Why the Whistle Didn’t Blow

Print More

Tuesday, August 3, 2010 | The law firm that represented Bell when council members in that city granted themselves six-figure salaries and allowed the city manager’s pay to be set near $800,000, also represents the Orange County cities of Yorba Linda, Aliso Viejo and Lake Forest.

Yorba Linda was considering switching law firms even before the Bell scandal broke, and Mayor John Anderson is mum on whether that will play a role in the city’s decision.

Officials in Aliso Viejo and Lake Forest said there were no plans to change law firms.

Yet the Bell situation raises a question that resonates in every California city. What is the ethical role — or lack of ethical role — of the city attorney?

It’s unclear in the Bell case whether any laws were violated by either a city election that allowed officials to increase the salary of the city manager and others or the actual increases. Numerous law enforcement agencies now are combing the city’s records to sort out exactly what happened and who was responsible.

As odd as it may sound, legal ethics may have kept the Bell city attorney, Edward Lee, a managing partner with Best Best & Krieger, from sounding the alarm, legal experts say.

Within the past 10 years, California lawmakers have tried twice to enact statutes offering lawyers an ethical way to protect the public from corrupt or disreputable government officials on the city as well as state level, but both times those efforts were vetoed, first by Gov. Gray Davis and then by Gov. Arnold Schwarzenegger.

(In yet another twist, the firm anounced Monday that Lee is leaving BB & K to “focus his efforts on assisting the city of Bell through this crisis.”)

Lee said: “I am confident that my reputation will be restored in time, as events unfold.”

The Los Angeles Times reported last week that the city of Downey dropped Lee as its city attorney.

The ‘Noisy Withdrawal’ Option

Most states — but not California — offer lawyers a way out of serious ethical dilemmas, said Diane Karpman, an expert on legal ethics who writes a column on ethics for the California Bar Association’s journal.

It’s called a “noisy withdrawal,” a way of resigning from a job and ethically turning to the proper authorities with information about illegal actions.

Without such a provision, she said, unless someone’s life is in danger, about the only thing a California lawyer can do is quit.

If a lawyer does quit because a job is ethically untenable, Karpman said there is a code phrase such lawyers use to signal “something questionable is going on.” The code, she said, is for the lawyer to say he wants “to spend time with his family.”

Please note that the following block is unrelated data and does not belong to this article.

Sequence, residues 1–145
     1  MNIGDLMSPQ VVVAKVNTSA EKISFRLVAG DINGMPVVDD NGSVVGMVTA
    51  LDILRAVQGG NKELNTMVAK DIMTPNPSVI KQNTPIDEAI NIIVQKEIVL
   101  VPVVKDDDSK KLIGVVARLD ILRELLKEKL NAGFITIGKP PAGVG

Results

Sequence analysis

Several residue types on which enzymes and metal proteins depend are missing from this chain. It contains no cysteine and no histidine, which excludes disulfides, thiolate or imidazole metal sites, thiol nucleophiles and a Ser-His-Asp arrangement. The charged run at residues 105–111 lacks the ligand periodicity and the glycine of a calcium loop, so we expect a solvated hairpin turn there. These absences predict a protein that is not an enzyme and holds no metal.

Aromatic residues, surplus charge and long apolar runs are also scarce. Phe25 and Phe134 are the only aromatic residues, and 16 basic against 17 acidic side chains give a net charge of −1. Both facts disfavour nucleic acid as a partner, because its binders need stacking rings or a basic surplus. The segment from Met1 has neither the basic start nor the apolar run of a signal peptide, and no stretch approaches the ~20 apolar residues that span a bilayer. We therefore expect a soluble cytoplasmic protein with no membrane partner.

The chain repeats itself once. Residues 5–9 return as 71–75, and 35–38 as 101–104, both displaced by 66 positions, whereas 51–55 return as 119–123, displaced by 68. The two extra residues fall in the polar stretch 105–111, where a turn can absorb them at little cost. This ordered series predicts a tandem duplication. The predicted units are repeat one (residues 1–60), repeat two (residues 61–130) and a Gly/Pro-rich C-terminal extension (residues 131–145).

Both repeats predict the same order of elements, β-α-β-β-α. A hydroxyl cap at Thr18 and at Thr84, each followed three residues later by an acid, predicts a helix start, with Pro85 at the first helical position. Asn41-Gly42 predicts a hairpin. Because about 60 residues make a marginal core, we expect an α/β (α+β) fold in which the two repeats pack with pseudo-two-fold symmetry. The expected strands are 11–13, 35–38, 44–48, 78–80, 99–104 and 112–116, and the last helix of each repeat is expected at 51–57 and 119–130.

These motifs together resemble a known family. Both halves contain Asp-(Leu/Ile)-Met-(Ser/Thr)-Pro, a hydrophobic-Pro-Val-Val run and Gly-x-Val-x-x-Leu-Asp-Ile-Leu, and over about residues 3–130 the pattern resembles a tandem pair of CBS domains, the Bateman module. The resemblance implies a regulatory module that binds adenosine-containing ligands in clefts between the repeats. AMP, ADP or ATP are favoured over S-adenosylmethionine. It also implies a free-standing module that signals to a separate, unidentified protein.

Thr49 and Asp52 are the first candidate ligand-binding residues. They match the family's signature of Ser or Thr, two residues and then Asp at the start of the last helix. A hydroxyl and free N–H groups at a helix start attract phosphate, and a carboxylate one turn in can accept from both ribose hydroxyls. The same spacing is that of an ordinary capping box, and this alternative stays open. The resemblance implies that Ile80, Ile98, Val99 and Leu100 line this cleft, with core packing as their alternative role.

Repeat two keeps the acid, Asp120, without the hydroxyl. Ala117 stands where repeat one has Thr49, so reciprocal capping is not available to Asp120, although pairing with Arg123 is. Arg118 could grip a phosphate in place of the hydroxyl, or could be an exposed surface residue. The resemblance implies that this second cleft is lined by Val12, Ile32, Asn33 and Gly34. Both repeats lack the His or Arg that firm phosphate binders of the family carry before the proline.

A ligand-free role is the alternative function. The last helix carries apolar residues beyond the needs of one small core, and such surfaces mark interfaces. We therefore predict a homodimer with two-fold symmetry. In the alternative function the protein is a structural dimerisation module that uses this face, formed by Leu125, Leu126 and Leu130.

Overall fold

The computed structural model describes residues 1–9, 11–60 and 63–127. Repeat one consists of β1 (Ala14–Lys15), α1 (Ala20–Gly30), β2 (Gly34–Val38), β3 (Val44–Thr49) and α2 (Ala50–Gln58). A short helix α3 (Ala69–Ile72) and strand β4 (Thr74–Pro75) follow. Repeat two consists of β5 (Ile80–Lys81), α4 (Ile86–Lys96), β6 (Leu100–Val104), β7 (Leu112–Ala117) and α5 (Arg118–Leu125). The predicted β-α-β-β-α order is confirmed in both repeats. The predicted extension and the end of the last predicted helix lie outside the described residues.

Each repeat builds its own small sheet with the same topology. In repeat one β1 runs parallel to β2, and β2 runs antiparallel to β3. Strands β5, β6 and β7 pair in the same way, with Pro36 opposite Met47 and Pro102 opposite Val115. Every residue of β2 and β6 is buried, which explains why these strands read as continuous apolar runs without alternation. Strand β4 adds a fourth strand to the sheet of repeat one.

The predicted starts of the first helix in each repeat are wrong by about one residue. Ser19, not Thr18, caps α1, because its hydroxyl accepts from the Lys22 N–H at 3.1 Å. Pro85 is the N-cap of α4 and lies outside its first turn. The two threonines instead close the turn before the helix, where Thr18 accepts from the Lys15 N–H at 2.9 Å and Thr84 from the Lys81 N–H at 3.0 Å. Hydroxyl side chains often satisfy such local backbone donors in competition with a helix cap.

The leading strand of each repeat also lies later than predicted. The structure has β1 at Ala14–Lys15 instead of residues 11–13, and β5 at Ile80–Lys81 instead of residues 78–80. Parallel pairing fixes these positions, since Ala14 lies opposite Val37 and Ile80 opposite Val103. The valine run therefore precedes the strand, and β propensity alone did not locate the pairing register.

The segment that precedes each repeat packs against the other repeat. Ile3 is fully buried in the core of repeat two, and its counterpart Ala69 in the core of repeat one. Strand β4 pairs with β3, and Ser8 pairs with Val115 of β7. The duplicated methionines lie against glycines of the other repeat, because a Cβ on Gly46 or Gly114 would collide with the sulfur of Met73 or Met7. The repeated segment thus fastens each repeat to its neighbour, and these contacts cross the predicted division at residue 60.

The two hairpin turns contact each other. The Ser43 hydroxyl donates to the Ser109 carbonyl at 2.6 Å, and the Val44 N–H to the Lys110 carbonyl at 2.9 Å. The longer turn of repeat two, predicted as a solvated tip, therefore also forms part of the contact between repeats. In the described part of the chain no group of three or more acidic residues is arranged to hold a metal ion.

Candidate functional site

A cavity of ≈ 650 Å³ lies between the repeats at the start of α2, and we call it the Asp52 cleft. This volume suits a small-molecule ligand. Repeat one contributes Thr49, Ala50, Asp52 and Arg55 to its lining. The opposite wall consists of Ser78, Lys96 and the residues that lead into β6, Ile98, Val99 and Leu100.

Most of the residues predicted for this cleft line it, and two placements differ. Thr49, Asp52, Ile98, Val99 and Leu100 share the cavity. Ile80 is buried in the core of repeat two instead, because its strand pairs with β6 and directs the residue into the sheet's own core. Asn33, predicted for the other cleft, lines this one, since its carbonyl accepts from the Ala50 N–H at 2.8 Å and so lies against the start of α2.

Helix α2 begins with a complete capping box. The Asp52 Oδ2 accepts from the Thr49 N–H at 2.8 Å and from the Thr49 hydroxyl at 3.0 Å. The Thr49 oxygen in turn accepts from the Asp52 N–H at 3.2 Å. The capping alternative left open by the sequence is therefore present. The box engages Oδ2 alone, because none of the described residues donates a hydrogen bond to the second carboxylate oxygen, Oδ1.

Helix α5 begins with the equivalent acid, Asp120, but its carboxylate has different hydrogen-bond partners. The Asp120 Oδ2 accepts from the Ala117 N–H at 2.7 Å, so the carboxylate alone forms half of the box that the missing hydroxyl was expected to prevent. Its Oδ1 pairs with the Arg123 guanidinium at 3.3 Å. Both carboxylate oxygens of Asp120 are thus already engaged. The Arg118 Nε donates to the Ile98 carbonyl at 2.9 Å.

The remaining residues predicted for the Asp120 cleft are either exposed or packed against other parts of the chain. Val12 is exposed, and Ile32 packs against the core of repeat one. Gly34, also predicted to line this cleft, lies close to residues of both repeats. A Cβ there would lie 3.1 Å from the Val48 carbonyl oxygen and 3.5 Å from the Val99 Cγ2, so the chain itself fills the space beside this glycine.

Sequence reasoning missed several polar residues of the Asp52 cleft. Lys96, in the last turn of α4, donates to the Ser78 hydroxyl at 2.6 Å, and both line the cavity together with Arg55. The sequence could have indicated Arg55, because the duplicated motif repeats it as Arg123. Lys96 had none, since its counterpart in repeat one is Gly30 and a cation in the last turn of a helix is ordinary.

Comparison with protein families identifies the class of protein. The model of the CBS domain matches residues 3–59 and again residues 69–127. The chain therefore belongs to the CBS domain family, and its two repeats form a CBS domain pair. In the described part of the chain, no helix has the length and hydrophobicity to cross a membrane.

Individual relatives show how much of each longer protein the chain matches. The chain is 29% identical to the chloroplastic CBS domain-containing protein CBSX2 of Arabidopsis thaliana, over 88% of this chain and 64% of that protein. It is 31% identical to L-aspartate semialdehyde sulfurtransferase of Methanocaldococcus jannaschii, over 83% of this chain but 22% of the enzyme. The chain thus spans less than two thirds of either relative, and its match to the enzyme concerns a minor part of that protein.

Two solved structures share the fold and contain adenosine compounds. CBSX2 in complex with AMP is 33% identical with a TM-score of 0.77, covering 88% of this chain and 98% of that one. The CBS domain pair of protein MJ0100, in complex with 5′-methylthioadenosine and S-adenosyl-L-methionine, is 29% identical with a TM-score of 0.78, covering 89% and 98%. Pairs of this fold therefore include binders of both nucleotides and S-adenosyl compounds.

To openly blow the whistle in California means facing possible discipline by the state bar.

Karpman pointed to the 2000 case of Cindy Ossias, a former legal counsel to then California Insurance Commissioner Charles Quackenbush, who also was an up-and-coming Republican candidate for governor.

In the aftermath of the 1994 Northridge earthquake, Ossias discovered that instead of paying massive damage claims, large insurance companies were being required by Quackenbush to contribute to foundations he created. She reported her findings to the state Assembly Insurance Committee and testified publicly about the wrongdoing.

Quackenbush resigned from office, but no criminal action was taken against him. Ossias, according to Karpman, underwent a lengthy investigation by the state bar to determine if she had violated ethics standards by disclosing the insurance problems, but ultimately she wasn’t disciplined.

Karpman said the Quackenbush case demonstrates the ethical bind California lawyers face when confronted with questionable actions by government officials. She said overall Best Best & Krieger has a good reputation as a law firm but may have been unable to go outside the city with any concerns about what was happening in Bell because of California’s tight ethics rules.

Many other states, however, follow American Bar Association ethical guidelines, which, Karpman said, permit a “noisy withdrawal” when a lawyer suspects wrongdoing and quits working for a client.

Karpman said the California Bar Association is in the process of reviewing and updating its rules of professional conduct, but it’s not known if the association will include a “noisy withdrawal” provision.

Who Protects the Public?

UC Davis law professor Rex R. Perschbacher, who wrote a book on California legal ethics, said in the Los Angeles Times story, “The city attorney’s responsibilities are to the people of the city, as represented by the City Council. There is always a conflict. ‘Am I doing the right thing by the people,’ or ‘am I doing what the City Council wants’. … It puts the city attorney in a real tough bind.”

In the end, he said the only real choice that city attorneys have is to resign if city councils persist in conduct that the attorney has warned them is wrong.

So, who protects the public?

“In a representative democracy,” said Rex Heinke, one of California’s most prominent First Amendment lawyers who also has been very active with the bar association, “the public has to scrutinize the acts of the people it elects to represent them.”

Please contact Tracy Wood directly at twood@voiceofoc.org, and follow her on Twitter: twitter.com/tracy111. And add your voice with a letter to the editor.


Comments are closed.